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    Last edited by nickb; 09-03-2018 at 10:14 PM.
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    The PT involved was bubbling internally when power was applied and generated a lot of external heat. I tested it with no tubes installed and I am fairly confident that it had an internal short and was no good. If I had to guess why it failed, I would blame the Electrolytic caps. This amp still had the cardboard party caps installed at the factory in 1956. There was a fair amount of melted wax accumulated inside the chassis. On top of that, this was not the original PT and produced 350-0-350 volts, way beyond what the schematic called for. All-in-all, I would not reuse this PT even if it was good. The fuse was MIA as the owner/seller removed it to keep the amp from being powered up when he had a suspicion that all was not right. The a/c switch tested out just fine.

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    "Thermionic Apocalypse" -JT nickb's Avatar
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    Quote Originally Posted by dkevin View Post
    The PT involved was bubbling internally when power was applied and generated a lot of external heat. I tested it with no tubes installed and I am fairly confident that it had an internal short and was no good. If I had to guess why it failed, I would blame the Electrolytic caps. This amp still had the cardboard party caps installed at the factory in 1956. There was a fair amount of melted wax accumulated inside the chassis. On top of that, this was not the original PT and produced 350-0-350 volts, way beyond what the schematic called for. All-in-all, I would not reuse this PT even if it was good. The fuse was MIA as the owner/seller removed it to keep the amp from being powered up when he had a suspicion that all was not right. The a/c switch tested out just fine.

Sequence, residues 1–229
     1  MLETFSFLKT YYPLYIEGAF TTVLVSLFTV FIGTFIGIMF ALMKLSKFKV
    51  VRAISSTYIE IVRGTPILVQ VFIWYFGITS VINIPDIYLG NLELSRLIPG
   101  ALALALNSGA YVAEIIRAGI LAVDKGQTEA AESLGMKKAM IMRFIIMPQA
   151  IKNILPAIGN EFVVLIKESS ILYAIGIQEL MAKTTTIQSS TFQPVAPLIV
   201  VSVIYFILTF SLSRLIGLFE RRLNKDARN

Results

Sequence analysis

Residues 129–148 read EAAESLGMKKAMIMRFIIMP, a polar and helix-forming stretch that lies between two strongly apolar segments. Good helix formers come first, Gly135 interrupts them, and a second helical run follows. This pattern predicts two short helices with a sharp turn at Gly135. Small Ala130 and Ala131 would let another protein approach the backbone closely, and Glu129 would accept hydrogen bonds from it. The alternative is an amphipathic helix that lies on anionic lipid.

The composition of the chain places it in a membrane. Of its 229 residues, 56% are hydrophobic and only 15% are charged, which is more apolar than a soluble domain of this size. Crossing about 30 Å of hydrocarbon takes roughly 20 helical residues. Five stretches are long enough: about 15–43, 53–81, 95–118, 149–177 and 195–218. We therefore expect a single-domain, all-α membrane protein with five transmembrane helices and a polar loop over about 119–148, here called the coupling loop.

Bubbling? Run!!! That is defo a do not use. Even if it was the secondary load that was the primary cause the damage is almost certainly too great.

    Also, before you install the new one check the fuse rating, eliminate all possible secondary issues, use a bulb limiter ( or variac if you have one) as you do not want to toast a new one. Consider adding fuses to the B+ and heater secondaries for better protection.